Regier said that from his perspective as an economist, value equals preference-based utility. In other words, the preferences of the individuals making decisions among alternative health care goods can inform the value of those goods. For precision medicine and genomics, Grosse and colleagues have said that personal utility is the utility that individuals and families ascribe to genomic information apart from health outcomes (Grosse et al., 2010). Personal utility enhances one’s sense of control, informs self-identity, and can resolve uncertainties surrounding an individual’s diagnosis and prognosis (Foster et al., 2009; Regier et al., 2009). The valuation of personal utility, Regier said, can be done using the stated preference discrete choice experiment method, which is based on an attribute-based measure of value that is based on random utility theory (McFadden, 1974). A discrete choice experiment is a well-established way of eliciting preferences for non-market health care products and programs and determining how individuals value various health states (Lancsar and Louviere, 2008).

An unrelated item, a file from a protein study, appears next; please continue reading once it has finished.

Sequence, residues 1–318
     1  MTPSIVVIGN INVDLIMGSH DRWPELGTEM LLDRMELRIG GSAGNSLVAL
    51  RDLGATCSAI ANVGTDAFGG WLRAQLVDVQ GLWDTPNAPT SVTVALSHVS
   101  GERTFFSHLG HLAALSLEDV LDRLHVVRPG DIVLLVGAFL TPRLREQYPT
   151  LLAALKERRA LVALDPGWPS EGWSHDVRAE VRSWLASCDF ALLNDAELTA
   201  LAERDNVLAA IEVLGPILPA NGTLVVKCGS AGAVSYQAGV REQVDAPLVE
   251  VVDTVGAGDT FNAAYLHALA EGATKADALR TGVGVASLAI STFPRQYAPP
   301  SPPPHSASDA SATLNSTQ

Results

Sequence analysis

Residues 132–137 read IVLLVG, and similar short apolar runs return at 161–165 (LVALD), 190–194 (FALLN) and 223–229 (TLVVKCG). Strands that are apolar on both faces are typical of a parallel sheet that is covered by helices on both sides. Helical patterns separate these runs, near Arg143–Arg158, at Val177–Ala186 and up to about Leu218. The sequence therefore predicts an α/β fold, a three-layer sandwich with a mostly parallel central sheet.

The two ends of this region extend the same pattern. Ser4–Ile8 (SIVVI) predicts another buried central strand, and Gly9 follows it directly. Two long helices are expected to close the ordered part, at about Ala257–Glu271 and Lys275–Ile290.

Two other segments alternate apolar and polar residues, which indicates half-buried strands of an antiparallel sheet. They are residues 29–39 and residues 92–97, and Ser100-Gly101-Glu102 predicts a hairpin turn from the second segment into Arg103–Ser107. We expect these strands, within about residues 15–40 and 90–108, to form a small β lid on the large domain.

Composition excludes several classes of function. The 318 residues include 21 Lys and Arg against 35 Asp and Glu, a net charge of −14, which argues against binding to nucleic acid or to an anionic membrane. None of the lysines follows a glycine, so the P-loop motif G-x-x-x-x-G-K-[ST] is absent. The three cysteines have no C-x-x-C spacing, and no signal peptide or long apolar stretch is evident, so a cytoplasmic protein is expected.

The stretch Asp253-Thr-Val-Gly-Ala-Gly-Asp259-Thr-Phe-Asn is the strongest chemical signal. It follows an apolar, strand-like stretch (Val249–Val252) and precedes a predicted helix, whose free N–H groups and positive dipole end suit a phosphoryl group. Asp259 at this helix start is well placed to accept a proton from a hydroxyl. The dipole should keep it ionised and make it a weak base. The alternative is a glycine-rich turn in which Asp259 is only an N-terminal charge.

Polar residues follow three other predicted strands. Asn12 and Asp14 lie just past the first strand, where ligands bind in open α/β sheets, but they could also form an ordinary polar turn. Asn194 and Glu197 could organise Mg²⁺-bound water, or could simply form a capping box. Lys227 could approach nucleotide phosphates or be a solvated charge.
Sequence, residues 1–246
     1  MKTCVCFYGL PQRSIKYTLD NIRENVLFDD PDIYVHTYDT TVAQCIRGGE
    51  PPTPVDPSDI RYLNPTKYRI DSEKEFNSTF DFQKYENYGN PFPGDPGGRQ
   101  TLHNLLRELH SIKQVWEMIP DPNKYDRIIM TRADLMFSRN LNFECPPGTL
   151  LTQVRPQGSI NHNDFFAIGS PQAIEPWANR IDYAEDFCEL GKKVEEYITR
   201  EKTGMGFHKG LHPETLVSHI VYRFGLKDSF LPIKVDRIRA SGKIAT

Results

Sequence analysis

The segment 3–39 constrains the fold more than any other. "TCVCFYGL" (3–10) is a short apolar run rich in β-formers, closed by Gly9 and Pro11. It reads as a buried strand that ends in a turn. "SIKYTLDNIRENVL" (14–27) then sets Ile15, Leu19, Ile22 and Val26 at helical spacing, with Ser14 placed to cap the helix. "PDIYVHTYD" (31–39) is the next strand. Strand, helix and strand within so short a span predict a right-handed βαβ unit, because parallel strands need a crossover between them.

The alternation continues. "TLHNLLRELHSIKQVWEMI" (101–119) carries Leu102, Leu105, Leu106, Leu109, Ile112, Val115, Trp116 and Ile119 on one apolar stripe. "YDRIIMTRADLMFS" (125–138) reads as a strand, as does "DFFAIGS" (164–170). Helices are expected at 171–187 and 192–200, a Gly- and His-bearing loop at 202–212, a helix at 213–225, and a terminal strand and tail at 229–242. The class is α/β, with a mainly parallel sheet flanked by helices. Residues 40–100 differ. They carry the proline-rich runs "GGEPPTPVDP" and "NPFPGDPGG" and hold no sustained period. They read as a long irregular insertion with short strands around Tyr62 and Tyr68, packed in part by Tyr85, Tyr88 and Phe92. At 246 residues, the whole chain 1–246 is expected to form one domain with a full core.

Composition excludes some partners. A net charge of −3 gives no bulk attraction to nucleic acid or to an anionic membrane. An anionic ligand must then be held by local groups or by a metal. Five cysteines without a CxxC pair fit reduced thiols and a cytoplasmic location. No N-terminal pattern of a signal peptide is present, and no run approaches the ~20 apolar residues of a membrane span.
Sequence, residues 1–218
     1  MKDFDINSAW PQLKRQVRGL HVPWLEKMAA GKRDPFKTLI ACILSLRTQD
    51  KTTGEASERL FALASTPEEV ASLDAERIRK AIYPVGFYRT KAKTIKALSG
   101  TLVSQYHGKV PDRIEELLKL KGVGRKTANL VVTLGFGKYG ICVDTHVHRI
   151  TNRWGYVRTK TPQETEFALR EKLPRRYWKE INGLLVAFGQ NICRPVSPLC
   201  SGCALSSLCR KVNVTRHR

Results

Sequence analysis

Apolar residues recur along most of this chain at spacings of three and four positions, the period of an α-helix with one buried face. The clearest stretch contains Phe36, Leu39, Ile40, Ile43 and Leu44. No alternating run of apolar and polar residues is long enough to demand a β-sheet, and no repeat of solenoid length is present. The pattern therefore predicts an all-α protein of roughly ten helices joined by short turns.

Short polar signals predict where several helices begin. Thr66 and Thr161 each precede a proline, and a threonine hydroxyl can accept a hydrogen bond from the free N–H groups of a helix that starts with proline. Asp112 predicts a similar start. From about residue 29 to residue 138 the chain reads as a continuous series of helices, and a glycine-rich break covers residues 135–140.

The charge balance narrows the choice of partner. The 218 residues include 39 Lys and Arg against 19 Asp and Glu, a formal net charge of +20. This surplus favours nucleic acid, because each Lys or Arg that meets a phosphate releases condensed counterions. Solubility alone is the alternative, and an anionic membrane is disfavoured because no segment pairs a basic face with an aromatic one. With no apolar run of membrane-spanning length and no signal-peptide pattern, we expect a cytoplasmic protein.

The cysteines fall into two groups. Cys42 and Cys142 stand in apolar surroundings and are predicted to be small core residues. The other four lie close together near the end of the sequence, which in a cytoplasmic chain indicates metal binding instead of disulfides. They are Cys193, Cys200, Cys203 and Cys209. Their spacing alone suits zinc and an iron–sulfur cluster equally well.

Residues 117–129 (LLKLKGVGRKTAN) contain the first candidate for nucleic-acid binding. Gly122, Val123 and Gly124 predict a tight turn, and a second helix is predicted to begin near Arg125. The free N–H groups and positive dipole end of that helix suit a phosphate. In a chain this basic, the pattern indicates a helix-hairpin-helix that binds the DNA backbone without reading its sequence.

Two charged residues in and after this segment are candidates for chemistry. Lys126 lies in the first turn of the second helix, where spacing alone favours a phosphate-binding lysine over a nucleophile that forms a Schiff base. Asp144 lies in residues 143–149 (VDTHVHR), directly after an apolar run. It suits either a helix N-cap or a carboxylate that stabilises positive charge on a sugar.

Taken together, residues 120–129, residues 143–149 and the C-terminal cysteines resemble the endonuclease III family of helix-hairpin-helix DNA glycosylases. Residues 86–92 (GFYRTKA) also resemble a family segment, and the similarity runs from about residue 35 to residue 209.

Next-generation sequencing and secondary findings provide information on diseases that are not related to a patient’s current diagnosis, Regier said. For example, a patient might be tested for Lynch syndrome, with the secondary findings indicating a risk for long QT syndrome (which is treatable) and Alzheimer’s disease (for which there is no effective treatment). As discussed earlier in the day, the ACMG recommends the return of highly penetrant, clinically actionable results, without patient preference being fully taken into account; however, Regier said, the ACMG did not ask individuals what kind of information they wanted. In contrast, the Cana-